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Old 04-13-2005, 08:46 PM   #1
Marc
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Thumbs down J. O'Neal calls NBA's proposed age limit racist

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Stern wants NBA age limit raised to 20

ESPN.com news services

Indiana Pacers forward Jermaine O'Neal said he thinks racism might have something to do with the NBA's desire to put an age limit in the next collective bargaining agreement.

"In the last two or three years, the rookie of the year has been a high school player. There were seven high school players in the All-Star Game, so why we even talking an age limit?" O'Neal said.

The past two rookies of the year were drafted out of high school: The Cavaliers' LeBron James was the 2003-04 rookie of the year, while the Suns' Amare Stoudemire won the award after the 2002-03 season.

Players currently have to be at least 18 to be drafted, but NBA commissioner David Stern would like to see the age raised to 20.
http://sports.espn.go.com/nba/news/story?id=2035132

I think all players under 20 should be forced to play in the NBDL. It would be a lot better for Darko to be playing there than rotting away on the Pistons' bench, for example. I am not in favor of raising it because I think you should be able to learn a living at 18 and the NBA shouldn't take that away. As for racist implications, that's rubbish.
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Old 04-13-2005, 10:00 PM   #2
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I don't think ALL players under 20 should be forced into the NBDL. The under 20 rule is just laziness by the NBA. They don't want to work on a minor league system, they don't want to work with the NCAA, so they come up with this.

There's players ready to enter the NBA before they are 20, there are players not ready to enter the NBA before they are 20. Why not make a system that tackles this issue?

That said, it's probably just positioning by Stern. The chances of getting the age raised to 20 in place is going to be next to impossible, legally. It's obvious that someone CAN come into the league at 18 or 19 years old. It'll be a lot easier to fight this rule as an addition compared to the fight to get this taken away in the NFL, because it hasn't been shown that someone 18-19 can come into the NFL and be successful. This just seems like Stern doing something, then when it doesn't happen, Stern can at least point to this when people go "woah, there are too many high schoolers coming in."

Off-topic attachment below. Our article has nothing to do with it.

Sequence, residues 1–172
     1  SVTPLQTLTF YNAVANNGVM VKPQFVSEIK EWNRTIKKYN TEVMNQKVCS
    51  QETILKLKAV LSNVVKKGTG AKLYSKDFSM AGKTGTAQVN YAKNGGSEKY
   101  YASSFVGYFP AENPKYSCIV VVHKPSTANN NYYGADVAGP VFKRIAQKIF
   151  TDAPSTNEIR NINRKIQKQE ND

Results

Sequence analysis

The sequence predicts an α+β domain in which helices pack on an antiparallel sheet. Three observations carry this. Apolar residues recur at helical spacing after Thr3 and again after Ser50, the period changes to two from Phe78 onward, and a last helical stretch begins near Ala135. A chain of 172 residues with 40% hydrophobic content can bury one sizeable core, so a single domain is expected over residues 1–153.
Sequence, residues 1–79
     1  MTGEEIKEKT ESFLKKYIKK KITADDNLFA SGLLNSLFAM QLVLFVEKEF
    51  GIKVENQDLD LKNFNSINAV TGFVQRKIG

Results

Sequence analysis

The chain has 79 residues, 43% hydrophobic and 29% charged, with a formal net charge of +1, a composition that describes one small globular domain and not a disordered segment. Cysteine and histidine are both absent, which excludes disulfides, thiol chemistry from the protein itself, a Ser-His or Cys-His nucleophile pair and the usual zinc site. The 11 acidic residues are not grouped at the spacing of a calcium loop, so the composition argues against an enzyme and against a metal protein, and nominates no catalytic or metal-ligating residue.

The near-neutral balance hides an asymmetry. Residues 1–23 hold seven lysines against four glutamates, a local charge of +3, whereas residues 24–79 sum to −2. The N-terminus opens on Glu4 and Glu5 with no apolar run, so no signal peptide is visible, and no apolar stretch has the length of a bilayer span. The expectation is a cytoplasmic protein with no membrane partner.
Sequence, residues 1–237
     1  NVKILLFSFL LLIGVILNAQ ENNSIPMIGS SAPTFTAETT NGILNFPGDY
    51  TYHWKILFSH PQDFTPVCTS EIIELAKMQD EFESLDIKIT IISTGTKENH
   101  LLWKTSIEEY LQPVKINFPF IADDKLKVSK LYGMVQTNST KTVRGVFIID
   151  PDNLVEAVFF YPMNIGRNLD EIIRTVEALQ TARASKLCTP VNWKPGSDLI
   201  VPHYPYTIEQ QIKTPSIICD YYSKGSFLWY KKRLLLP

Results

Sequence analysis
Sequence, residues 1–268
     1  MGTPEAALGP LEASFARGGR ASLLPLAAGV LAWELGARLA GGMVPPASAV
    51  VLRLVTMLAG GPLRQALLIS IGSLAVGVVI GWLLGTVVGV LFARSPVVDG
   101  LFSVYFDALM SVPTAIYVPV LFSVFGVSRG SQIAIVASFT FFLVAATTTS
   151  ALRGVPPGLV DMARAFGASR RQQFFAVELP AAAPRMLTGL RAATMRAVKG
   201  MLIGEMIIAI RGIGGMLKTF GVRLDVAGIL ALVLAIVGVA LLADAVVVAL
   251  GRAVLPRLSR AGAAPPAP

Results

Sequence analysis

Is it racism, though? Probably not.
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Old 04-13-2005, 10:16 PM   #3
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I have always thought MLB has the best policy. Every HS senior is eligible to be drafted, if you don't get drafted or opt not to sign and you go to college you cannot re-enter the draft until after your junior year. Plus, their minor league system affords major league teams the opportunity to weed out the busts without having to give them a guaranteed multi-year contract worth tens of millions of dollars.

The thing that gets me is if the NBA doesn't want these kids then why draft them in the first round? Only first rounders get the guaranteed three year deal. The only thing being drafted in the second round earns you is an invitation to training camp. All it would really take is one draft where none of these kids go in the first round and they won't see so many kids coming out anymore.

I honestly wonder if this just is not a case of Stern trying to use this as a bargainning chip to get what the owners really want: The elimination of the long-term guaranteed contracts. More NBA teams have to eat tens of millions of dollars on guys who blow out a knee and end up retiring three years before their deal is up. How much money did the Hornets lose on Mashburn the past two years, or the Knicks on Larry Johnson when he retired with several years left on his deal?